The activation of T cells from a memory to an effector state depends on the integration of the positive signal from the T cell receptor upon binding with a cognate antigen and the negative signals from any of several inhibitory signaling receptors (ISRs) binding their cognate ligands on the antigenic cell’s surface. ISRs, typified by receptors like PD-1 and CTLA-4, downregulate TCR-mediated signal transduction and raise the threshold of immune activation, preventing the effector phase. In this study, Alan Frey identified protocadherin-18 (pcdh18) as a novel ISR expressed in memory T cells. The only known ligand to pcdh18 is itself, which functions in trans.
In a previous study by the Frey lab, pcdh18 was found to be expressed on dysfunctional tumor infiltrating lymphocytes (TILs) from MCA38 colon tumor-bearing mice. These TILs lacked lytic function against pcdh18-expressing MCA38 cells immediately after isolation, however, their function could be restored after brief culture, suggesting that the interaction with tumor cells was related to their dysfunction. In this new work, Frey used shRNA to knock down pcdh18 on tumor cells, and TILs from the tumors were functional immediately upon isolation. Similarly, in mice engineered to lack pcdh18 expression on T cells (pcdh18-/-), tumor growth was significantly delayed compared to wild type mice, suggesting that pcdh18-/- T cells were more effective against pcdh18-expressing MCA38 tumors than pcdh18+ T cells. Together, this data confirms Frey’s hypothesis that pcdh18 on tumor cells (acting as ligand) initiates the inhibitory function of pcdh18 on T cells (acting as receptor).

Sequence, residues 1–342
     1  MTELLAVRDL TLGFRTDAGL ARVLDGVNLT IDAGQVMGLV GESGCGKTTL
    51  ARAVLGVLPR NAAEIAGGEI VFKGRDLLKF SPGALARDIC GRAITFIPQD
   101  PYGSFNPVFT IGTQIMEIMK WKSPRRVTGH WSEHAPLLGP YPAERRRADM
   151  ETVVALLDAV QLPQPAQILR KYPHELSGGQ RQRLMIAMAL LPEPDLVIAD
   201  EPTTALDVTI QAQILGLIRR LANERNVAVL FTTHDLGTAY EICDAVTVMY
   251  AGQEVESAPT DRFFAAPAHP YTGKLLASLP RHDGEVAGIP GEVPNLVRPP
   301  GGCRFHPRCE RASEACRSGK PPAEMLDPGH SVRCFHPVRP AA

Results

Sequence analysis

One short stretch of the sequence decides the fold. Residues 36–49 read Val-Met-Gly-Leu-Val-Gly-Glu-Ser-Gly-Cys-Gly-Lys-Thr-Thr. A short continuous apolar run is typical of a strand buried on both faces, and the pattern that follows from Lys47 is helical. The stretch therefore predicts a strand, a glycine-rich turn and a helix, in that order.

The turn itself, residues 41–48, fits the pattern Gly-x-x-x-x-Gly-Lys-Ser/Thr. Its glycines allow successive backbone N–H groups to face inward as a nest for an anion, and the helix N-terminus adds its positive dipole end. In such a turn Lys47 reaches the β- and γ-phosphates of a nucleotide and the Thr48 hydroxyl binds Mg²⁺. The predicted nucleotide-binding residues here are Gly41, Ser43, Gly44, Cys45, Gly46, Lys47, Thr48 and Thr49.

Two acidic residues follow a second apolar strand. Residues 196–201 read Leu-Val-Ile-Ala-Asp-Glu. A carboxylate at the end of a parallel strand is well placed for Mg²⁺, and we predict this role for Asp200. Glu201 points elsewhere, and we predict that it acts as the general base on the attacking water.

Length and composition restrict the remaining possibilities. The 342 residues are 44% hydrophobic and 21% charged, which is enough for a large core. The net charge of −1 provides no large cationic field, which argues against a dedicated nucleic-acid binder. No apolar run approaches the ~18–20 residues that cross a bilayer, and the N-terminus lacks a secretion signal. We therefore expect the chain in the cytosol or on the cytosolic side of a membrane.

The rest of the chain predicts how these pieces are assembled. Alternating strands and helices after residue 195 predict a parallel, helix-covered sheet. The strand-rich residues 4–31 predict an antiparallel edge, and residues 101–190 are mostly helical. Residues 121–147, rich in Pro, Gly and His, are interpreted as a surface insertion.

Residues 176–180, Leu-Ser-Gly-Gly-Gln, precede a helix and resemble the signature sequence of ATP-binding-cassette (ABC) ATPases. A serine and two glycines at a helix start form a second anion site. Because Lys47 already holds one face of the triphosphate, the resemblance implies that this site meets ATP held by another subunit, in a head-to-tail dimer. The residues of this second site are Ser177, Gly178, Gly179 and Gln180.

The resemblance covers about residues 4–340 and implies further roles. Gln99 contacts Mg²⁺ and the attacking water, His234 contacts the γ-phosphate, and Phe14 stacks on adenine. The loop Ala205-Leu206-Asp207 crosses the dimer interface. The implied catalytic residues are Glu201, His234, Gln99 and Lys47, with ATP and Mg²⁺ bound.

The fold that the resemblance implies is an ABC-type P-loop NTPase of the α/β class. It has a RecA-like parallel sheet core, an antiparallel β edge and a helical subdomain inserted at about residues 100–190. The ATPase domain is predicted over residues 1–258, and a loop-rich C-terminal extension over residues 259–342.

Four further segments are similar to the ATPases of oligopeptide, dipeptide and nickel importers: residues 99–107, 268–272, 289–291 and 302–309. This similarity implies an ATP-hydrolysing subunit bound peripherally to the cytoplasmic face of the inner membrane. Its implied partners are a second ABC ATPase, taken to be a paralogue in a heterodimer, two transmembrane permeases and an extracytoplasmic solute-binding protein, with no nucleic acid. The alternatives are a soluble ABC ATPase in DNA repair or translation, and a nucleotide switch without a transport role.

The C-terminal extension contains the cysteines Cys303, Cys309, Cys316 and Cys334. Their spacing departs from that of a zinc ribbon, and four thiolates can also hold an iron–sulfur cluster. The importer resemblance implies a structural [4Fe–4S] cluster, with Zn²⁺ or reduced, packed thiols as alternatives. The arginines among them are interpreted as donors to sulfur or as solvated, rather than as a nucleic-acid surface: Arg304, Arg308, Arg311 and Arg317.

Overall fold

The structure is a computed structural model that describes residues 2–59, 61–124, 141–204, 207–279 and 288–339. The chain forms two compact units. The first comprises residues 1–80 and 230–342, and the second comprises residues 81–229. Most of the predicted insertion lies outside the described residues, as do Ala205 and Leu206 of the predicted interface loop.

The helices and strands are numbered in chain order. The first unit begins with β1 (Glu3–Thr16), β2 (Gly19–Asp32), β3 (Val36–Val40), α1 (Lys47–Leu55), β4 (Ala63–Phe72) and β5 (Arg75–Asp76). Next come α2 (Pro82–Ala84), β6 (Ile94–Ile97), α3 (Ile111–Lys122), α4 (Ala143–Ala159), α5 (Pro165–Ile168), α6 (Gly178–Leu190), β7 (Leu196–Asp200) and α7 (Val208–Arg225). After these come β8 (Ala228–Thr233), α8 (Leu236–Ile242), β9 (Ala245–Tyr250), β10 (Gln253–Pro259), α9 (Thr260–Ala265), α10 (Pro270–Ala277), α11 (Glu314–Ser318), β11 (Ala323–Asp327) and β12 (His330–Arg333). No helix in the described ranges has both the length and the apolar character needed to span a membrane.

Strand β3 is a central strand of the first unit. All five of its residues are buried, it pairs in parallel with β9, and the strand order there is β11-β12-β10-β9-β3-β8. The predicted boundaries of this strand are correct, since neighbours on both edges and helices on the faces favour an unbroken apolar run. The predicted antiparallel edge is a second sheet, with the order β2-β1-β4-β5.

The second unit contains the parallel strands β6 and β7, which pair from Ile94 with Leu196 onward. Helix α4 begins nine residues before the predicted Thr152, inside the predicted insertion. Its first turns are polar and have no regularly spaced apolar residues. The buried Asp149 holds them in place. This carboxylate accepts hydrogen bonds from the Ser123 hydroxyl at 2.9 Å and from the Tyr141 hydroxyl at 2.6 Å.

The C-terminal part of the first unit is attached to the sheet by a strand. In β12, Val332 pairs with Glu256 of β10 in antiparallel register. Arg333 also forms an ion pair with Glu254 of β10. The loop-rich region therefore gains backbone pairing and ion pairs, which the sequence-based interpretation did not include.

To determine why tumor growth was only delayed, and not entirely halted in pcdh18-/- mice, Frey analyzed the gene expression of TILs isolated from these animals. While their gene expression profiles showed significant upregulation of immune function genes related to T cell activation, signaling, effector functions, and chemokine and cytokine receptors, they also showed increased expression of genes encoding other known negative regulators, including PD-1 and CTLA-4.
Since PD-1 is highly expressed on wild-type TILs, and further upregulated on TILs from pcdh18-/- mice, Frey tested the addition of anti-PD-1 therapy in both wild type and pcdh18-/- models. In wild type mice, anti-PD-1 delayed tumor growth, but only when administered at an early stage (day 5). In pcdh18-/- mice, the addition of anti-PD-1 further inhibited tumor growth, even if treatment was delayed (to day 10). TILs from the combination group also produced slightly more IFNγ than those treated with PD-1 blockade alone. Depletion of CD8+ T cells abrogated the effect of anti-PD-1 in both mouse models, indicating their essential role in mediating the delay of tumor growth.
While genetically knocking out pcdh18 helped prove its role as an ISR, Frey developed and tested a murine anti-pcdh18 serum in anticipation of the development of a clinical therapy. As monotherapies, anti-PD-1 was still more effective than anti-pcdh18, which only slightly delayed tumor growth. Combining the two antibody therapies, however, was much more effective than the use of either as a single agent checkpoint blockade, suggesting anti-pcdh18 could be used to improve the efficacy of anti-PD-1 therapies.
In a translational study, Frey explored the expression of pcdh18 in human T cells. Immunohistochemistry of a normal human lymph node showed regions where low proportions (~5%) of both CD4+ and CD8+ cells expressed pcdh18. Using freshly isolated peripheral blood mononuclear cells and fluorescence-activated cell sorting, high pcdh18 expression was observed in CD4+ and CD8+ effector memory T cell populations, and conversion of central memory CD8+ T cells to an effector memory phenotype demonstrated upregulation of pcdh18 protein. Finally, in vitro activation of human CD8+ effector memory T cells coincided with an increase in pcdh18 expression and loss in viability; anti-pcdh18 sera rescued viability and restored INFγ expression.
The expression of pcdh18 in human memory T cells further supports its role as an ISR with regulatory control over the effector phase, opening the door to its potential as a clinically-relevant target for immunotherapy, especially in conjunction with anti-PD1 therapy.
by Lauren Hitchings